Inflation, digital central bank currency, and sustainability were also on the agenda of this year’s Lámfalussy Conference, organized by Hungary’s central bank.
In the current turbulent economic situation, inflation is the number one enemy for central banks around the world, and especially in the region, said Mihály Patai, Deputy Governor of the Magyar Nemzeti Bank, Hungary’s central bank, at an international conference organized by the MNB on Monday, named after Sándor Lámfalussy. According to MTI, Patai stressed that in the changed international financial and economic situation, monetary and fiscal policymakers need to work together to take unprecedented measures.
Robert Holzmann, President of the Austrian central bank and winner of this year’s Lámfalussy prize, said that the work of the economist, who is known as the father of the euro, is more relevant in the current circumstances than many people think.
Robert Holzmann (Photo: MTI/Koszticsák Szilárd)
Catherine L. Mann, a member of the Monetary Board of the British central bank, pointed out that the combined effect of shocks is making the current economic downturn different from the recessions of previous decades. She said that with inflation soaring as a result of rapid increases in energy, food and commodity prices, central banks need to maintain higher inflation expectations because of the significant economic costs of underestimating inflation dynamics.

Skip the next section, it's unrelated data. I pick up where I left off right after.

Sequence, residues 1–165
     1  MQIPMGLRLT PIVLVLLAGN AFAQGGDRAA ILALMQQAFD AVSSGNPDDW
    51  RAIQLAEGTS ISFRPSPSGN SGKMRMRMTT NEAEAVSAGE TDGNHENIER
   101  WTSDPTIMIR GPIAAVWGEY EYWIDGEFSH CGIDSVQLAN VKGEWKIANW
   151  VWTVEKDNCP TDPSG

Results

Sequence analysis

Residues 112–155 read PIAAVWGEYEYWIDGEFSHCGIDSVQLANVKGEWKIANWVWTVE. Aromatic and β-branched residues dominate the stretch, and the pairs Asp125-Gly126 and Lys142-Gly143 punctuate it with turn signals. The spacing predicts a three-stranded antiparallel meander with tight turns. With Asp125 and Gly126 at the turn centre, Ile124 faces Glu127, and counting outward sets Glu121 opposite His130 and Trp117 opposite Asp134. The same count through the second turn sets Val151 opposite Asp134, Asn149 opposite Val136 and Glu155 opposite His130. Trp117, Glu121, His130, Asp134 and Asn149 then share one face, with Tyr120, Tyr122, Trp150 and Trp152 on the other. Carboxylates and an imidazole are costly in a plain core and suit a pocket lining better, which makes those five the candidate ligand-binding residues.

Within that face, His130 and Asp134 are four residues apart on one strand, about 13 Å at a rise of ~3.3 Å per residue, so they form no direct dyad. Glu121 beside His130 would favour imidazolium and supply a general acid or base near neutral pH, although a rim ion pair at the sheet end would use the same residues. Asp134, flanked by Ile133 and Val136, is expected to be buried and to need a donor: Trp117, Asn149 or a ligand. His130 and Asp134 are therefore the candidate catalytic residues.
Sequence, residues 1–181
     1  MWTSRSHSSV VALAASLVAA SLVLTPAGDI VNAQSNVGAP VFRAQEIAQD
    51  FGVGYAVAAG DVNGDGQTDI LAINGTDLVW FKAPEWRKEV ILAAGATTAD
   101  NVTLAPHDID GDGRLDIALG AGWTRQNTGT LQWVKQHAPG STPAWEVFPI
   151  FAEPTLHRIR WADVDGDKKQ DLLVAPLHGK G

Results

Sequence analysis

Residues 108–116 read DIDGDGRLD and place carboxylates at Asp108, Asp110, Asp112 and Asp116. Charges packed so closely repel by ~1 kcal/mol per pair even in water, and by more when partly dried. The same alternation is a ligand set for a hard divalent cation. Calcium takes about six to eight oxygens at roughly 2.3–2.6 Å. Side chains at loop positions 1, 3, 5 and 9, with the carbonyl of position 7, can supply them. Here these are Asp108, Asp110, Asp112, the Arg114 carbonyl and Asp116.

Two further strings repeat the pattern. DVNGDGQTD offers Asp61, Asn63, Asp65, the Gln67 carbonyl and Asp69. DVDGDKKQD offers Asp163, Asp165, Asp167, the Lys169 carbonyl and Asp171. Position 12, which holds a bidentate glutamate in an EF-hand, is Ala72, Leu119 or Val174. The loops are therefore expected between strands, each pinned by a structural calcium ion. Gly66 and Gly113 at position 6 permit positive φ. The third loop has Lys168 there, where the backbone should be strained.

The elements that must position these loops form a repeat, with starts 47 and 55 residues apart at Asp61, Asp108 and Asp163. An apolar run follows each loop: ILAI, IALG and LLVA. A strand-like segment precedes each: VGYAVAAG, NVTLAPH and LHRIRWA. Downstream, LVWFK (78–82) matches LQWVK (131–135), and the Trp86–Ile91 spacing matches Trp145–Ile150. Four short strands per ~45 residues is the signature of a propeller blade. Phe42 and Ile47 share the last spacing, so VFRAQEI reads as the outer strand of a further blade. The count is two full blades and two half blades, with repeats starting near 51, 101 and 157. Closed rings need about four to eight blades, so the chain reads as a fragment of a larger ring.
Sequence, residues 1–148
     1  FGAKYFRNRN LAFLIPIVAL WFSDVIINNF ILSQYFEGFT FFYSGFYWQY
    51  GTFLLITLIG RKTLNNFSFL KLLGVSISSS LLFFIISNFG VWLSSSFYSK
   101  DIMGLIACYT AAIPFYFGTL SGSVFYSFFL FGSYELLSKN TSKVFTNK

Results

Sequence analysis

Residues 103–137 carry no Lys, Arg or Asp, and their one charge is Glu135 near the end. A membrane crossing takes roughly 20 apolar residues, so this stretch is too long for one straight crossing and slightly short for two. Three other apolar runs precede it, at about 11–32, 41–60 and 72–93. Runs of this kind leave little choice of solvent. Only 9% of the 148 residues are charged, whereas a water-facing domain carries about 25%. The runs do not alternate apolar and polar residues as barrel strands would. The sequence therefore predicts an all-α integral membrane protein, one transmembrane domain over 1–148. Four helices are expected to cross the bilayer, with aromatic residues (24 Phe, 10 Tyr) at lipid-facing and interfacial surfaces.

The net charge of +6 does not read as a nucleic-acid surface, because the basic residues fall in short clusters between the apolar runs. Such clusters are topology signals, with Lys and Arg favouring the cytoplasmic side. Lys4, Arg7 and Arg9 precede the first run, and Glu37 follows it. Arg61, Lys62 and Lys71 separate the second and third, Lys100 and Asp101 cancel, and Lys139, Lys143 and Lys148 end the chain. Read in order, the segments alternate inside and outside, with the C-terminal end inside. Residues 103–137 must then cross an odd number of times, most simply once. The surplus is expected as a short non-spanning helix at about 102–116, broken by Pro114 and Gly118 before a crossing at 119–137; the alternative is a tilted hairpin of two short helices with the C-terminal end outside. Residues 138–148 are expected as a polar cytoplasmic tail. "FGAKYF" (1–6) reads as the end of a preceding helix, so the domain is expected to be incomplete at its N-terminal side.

Catherine L. Mann (Photo: MTI/Koszticsák Szilárd)
The conference featured a range of internationally renowned experts, including Mu Changchun, Director of the Digital Currency Research Institute at The People’s Bank of China, Shu-Pui Li, Advisor to the Governor of the Central Bank of the UAE or Henner Asche, Deputy Director General for Markets of the Deutsche Bundesbank.
The presentations also highlighted that the series of crises of recent years have shown that all events can be traced back to the disruption of our natural environment; the popularity of green bonds shows that there is a need for change and that change has already begun. The conference also concluded that digital money can only succeed if it is used by more people, which requires a complex project management approach by central banks.
Featured photo via MTI/Koszticsák Szilárd